Alberta Barley

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Feb 14

Applied Research Associations – an Emerging Agronomy Diamond

Posted on Feb 14 By: Alan Hall | Agricultural Research & Extension Council of Alberta

Reducing production risks, meeting quality standards for the markets, improving the profitability of our crops and improving our soil and water resources over the longer term are benefits and value that the twelve applied research associations (ARAs) across Alberta bring to farmers. 

These applied research associations are located throughout Alberta. A key strength is their ability to help farmers adapt and customize agronomic technologies, products and practices to their farms. 

A typical year will see these associations conducting around 200 small plot and field scale applied research trials. They hold upwards of 250 workshops/tours/field days of one sort or another, an active presence in media and social media, and serving over 15,000 farmers through these activities. Strengthening connections farmers have with science, and adapting that science to their farm is a highly valued outcome.  

It is one thing to use new knowledge, products and practices.  It is quite another to work out the kinks close to home.  Soils, weather, growing conditions, crop rotations, production practices vary enormously around Alberta. Associations help deal with this.

For example, a number of the associations are working with their farmers on developing best cropping practices for new crops that are coming along.  Hemp, rye, corn, lentils, are crops that come to mind that are moving into new areas of the province.

Associations are very active in the testing of adaptability and performance of new varieties in various crops through the Regional Variety Test trials. This is no crap shoot as farmers receive valuable information and data, based on their growing conditions, to work with in making their choices.

A significant part of the associations work around crops and agronomy is with our big acre crops of wheat, barley, canola, pulse crops.  How can I tinker with my production systems to improve my odds of getting top grades, top quality and most profitable yields?

Part of the work being done is adjusting what you can do as well as when and how to do it.  For example, work continues in the use of growth regulators and being able to adjust fertility and fungicides to optimize yield and quality in wheat and barley.  This involves split rates, timing of application, methods of application etc.

Several farmers over the years have told me it is better to figure this out on a field or small plot, than it is for me to mess with a few hundred acres on my first try. The applied research associations take this one step further in that the applied research is close to home so is very relevant to my farm.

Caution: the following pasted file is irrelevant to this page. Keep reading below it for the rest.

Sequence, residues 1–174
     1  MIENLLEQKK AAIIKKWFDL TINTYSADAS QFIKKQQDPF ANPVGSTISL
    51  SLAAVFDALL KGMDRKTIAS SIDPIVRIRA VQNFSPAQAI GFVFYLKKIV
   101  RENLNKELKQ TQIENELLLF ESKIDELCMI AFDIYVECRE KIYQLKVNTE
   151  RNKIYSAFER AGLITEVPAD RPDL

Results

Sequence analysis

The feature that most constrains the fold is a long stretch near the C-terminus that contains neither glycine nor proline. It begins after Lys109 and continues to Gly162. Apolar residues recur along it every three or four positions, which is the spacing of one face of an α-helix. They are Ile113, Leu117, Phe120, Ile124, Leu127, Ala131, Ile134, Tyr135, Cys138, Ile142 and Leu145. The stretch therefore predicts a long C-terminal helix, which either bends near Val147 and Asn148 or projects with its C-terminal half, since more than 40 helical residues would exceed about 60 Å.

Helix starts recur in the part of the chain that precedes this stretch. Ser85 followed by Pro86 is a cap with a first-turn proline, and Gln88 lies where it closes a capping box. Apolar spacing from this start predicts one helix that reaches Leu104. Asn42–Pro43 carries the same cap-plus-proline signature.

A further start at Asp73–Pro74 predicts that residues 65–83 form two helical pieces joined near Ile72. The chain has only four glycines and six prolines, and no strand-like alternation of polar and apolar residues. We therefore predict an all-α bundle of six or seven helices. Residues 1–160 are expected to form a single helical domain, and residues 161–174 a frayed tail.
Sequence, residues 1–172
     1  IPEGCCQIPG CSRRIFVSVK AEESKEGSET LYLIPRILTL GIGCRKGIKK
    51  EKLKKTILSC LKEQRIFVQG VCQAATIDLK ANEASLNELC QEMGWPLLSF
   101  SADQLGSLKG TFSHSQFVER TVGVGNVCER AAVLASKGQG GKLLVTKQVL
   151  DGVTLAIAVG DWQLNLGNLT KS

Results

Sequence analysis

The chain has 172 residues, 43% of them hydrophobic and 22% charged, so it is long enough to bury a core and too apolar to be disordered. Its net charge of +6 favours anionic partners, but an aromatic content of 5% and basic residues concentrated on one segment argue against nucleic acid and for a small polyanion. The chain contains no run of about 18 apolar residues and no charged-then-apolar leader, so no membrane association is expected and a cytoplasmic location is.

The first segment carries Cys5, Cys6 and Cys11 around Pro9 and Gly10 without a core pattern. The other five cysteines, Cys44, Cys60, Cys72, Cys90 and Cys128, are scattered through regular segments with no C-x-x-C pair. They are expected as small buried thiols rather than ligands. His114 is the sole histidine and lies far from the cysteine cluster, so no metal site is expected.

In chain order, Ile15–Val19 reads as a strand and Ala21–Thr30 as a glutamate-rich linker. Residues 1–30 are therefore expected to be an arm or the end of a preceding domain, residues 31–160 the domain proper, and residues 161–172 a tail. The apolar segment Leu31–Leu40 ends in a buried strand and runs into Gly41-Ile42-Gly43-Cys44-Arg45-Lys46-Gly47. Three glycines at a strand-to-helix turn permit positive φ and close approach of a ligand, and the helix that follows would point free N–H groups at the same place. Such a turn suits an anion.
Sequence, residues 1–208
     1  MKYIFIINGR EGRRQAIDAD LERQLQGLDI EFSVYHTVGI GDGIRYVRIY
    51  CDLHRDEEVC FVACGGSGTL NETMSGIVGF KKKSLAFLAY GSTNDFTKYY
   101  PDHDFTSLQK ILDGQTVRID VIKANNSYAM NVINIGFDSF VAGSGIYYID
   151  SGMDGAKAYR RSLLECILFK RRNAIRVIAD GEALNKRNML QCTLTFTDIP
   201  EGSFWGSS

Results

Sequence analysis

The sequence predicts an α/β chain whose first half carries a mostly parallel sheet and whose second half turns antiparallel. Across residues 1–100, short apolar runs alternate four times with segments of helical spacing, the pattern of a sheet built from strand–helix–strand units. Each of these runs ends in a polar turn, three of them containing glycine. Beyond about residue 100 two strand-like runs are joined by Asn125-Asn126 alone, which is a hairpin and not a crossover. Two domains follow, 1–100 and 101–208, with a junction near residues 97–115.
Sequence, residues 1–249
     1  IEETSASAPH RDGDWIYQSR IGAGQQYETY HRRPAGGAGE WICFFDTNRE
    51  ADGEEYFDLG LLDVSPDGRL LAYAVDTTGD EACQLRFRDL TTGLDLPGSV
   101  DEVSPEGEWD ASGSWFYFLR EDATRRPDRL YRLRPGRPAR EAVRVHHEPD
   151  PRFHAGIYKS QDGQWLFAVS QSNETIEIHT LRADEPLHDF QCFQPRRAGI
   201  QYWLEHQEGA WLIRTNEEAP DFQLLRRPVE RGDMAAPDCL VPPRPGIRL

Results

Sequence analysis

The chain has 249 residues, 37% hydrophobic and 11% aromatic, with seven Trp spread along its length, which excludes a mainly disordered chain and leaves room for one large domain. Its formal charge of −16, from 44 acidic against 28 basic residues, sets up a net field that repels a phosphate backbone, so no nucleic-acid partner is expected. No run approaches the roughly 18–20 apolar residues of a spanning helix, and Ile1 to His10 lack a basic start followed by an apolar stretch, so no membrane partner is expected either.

Insect pests, disease, and weed issues certainly catch everyone’s attention. Associations are very involved with keeping fusarium head blight at bay. They are very engaged in working with scientists, agribusiness and farmers in determining best practices to manage clubroot if they have it, and to keep it out if I do not have it yet. Aphanomyces can knock the heck out of pea yields as has been evidenced in the past few years. Associations are working with researchers to come up with ways that reduce yield loss and infestation levels.

Not lost is the great work that Alberta Agriculture and Forestry have been doing in monitoring insects, diseases and weeds. This is keeping a sharp eye out for infestation levels of known pests for new and emerging problems. Associations are a key part of this network every year.  They monitor throughout the growing season, make sure that farmers get timely details on problem pests, and work on coming up with methods to battle specific problem insects, diseases, and weeds longer term.

In 2014, Alberta Crop Industry Development Fund (ACIDF) conducted focus groups with farmers and agronomists from Fort Vermillion to Lethbridge.  ACIDF worked closely with the applied research associations in doing this. In total, participants had over one million acres.  Priority issues in agronomy were identified. Turns out this was a spot-on match with the work the associations are doing. Further investments in research have been made based on this work.

Associations are focused on adapting the research from the science community to help apply their research findings in the best manner under growing conditions you experience. 

This brings me back to where we started.  Farmer led applied research associations have had and will continue to have a strong role in agronomy. Value and results are to reduce production risk, optimize yield and quality of crops (ie the sweet spot for profits, not necessarily yield at all costs), and continually improve soil and water resources over time.

If you are not already involved with the applied research association in your area, reach out to them. They are an emerging diamond with respect to bringing value to your farm through agronomy.

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